My mother was a fairly industrious woman. Apart from teaching us, she ran a dispensary from which she administered medicine and bandages to the various farm workers and their families. Even we as young children got to apply antiseptic creams to wounds or pass out aspirins to those with various aches and pains.

She also maintained an incredible fruit and vegetable garden that contained virtually any thing you can imagine. Plums, peaches, apples, apricots, quinces, oranges, lemons, tangerines, Tree tomatoes, Pecan nuts, Macadamia nuts, bananas, granadillas, strawberries, raspberries, young berries, mangoes, grapes, artichokes, asparagus as well as all the standard veggies. There was even an olive tree that once bore fruit, though never again. It was special treat for us to troop down together to the garden during the summer holidays, Christmas time, and pick plums and peaches in anticipation for the coming festivities.

7 thoughts on “Childhood”

  1. Thanks Sheona. Maybe you can work out the name of the Scottish tune. It features in one of the Highland reels, but I can’t remember which.

  2. Good God, sir! You mean you’ve never read Winnie the Pooh in the original Latin? “Ursus est, Pooh nomine….”, etc.

    Harrumph!

    OZ

  3. OZ, ‘fraid not, we were too busy reciting the Lord’s Prayer:

    “Pater noster, qui es in caelis: sanctificetur Nomen Tuum.”

    Then we would have to sing in our sweet treble voices:

    ‘Ave Maria, gratia plena, Dominus tecum, benedicta tu in mulieribus’

    Only then did we get to eat breakfast.

  4. Very well done Sipu, I’m sure you evoked a few memories there for those Charioteers who had a rural upbringing. You must weep for the old Rhodesia when you see what has replaced it

  5. Thanks OMG. The past is a foreign country; they do things differently there. I have stopped weeping, not that I ever really did. You see it was all so predictable. I think that most Rhodesians understood that in their hearts that it would crumble and everything we worked for would be destroyed. It is the nature of Africa. (See fable below.) We were only ever there on borrowed time. Rhodesia was like a person’s youth; magical, but destined not to last. But I still love it and would go back tomorrow if I could. To me it is the most beautiful country in the world with the most amazing climate. The people, black and white are delightful and the lifestyle is terrific, provided you have an income which admittedly many do not.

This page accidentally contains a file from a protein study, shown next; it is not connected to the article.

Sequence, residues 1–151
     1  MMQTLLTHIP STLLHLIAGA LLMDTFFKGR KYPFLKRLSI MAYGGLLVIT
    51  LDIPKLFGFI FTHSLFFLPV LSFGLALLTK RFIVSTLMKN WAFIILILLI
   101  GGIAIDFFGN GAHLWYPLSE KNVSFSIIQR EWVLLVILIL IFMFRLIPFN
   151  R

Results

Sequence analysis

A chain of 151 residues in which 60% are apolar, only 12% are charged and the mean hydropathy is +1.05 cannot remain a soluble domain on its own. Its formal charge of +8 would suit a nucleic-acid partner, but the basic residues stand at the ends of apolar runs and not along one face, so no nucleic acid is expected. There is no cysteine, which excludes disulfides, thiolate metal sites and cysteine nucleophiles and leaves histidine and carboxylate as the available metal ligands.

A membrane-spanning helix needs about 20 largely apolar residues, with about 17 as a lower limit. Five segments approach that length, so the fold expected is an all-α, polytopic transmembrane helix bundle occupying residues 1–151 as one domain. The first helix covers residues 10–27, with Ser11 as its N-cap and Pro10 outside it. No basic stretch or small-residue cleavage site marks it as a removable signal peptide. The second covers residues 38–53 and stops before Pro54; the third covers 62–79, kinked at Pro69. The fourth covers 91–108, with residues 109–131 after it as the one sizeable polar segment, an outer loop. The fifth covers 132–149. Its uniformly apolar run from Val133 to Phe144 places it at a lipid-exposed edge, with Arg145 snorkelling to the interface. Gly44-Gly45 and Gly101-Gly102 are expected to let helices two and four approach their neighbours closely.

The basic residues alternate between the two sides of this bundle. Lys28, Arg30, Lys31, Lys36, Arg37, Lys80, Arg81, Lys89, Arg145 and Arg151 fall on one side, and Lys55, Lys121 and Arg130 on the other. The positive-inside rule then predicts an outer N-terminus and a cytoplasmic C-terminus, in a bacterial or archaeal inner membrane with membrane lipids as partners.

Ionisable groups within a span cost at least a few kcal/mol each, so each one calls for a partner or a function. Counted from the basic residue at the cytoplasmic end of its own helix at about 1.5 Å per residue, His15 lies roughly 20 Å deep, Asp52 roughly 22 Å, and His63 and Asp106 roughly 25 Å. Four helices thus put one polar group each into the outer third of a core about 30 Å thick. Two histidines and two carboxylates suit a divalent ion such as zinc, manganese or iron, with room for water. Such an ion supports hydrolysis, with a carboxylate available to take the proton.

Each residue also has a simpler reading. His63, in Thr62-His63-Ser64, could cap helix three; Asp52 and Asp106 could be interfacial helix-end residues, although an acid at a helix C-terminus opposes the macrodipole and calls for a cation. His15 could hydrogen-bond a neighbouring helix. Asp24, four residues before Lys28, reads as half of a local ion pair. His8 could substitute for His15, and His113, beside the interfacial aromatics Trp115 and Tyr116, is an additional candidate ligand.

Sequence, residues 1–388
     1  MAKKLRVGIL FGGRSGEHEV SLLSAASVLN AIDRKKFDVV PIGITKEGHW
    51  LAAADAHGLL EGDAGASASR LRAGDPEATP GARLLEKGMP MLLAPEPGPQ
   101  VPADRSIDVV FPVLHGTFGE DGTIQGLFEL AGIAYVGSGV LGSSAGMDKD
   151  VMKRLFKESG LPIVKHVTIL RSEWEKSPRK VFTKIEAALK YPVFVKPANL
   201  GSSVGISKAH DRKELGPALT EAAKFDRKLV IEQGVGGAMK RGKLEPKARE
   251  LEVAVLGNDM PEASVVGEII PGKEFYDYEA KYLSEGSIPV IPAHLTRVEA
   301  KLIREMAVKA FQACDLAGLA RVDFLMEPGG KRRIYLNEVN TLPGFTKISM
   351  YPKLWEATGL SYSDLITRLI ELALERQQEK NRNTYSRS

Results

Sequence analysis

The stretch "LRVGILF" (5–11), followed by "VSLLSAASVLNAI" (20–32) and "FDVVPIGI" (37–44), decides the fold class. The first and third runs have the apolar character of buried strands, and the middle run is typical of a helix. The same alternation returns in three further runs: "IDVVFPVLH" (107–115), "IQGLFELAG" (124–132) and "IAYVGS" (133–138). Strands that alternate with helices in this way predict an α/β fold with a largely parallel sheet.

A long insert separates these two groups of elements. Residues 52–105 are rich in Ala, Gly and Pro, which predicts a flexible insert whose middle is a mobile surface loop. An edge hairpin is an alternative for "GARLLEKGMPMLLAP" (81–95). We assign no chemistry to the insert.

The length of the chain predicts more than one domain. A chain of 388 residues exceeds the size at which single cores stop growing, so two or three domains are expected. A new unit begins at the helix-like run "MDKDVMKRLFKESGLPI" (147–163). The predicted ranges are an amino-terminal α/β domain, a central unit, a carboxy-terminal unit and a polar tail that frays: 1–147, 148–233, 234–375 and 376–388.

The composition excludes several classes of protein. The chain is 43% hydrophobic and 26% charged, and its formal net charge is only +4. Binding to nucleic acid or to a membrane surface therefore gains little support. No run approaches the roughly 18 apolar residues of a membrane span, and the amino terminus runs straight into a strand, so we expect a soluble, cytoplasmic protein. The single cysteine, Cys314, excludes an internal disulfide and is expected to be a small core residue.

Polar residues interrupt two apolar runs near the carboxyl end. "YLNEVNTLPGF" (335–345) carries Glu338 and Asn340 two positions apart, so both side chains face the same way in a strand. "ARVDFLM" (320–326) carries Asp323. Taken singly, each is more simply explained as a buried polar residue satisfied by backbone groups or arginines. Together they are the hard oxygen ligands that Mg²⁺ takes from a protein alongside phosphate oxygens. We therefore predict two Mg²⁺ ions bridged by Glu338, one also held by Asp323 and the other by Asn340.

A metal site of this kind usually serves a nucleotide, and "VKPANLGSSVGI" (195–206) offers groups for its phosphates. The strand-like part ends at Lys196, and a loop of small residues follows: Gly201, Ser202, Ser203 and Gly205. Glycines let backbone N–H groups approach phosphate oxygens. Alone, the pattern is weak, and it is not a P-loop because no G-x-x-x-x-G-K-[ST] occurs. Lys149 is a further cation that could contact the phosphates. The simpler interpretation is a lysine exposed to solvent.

In my view things can only get better there and when that happens, it does not matter how bad things are, you know tomorrow will be an improvement on yesterday. On the other hand it does not matter how good things are right now, if they are getting worse, life is depressing. A simple philosophy, but one that works for me.

    Anyway, that is my ambition. As soon as I can get the authorities there to give me residence, which they are not yet willing to do, I will return. I was not born there and as dual nationality was prohibited, it seemed safer to have British rather than Zimbabwean citizenship. Hence the problem.

    An African Fable:
    There once was a scorpion that wished to cross the Zambezi River. As it could not swim, it waited until a frog came by.
    “Please Mr Frog, will you not take me across the river on your back.”
    “Good heavens, no” replied the frog. “As soon as I am half way across you will sting me and I shall die.”
    “Why would I do that” answered the scorpion, “If you die, so will I as I cannot swim.”
    The frog saw the logic in this argument and so agreed to ferry the scorpion across the river. In the middle of the river, the frog suddenly felt a searing pain and realised that it had been stung by the scorpion.
    “Now we will both die” he gasped at the scorpion. “Why would you do such thing?”
    “That is Africa, baby. That is Africa.”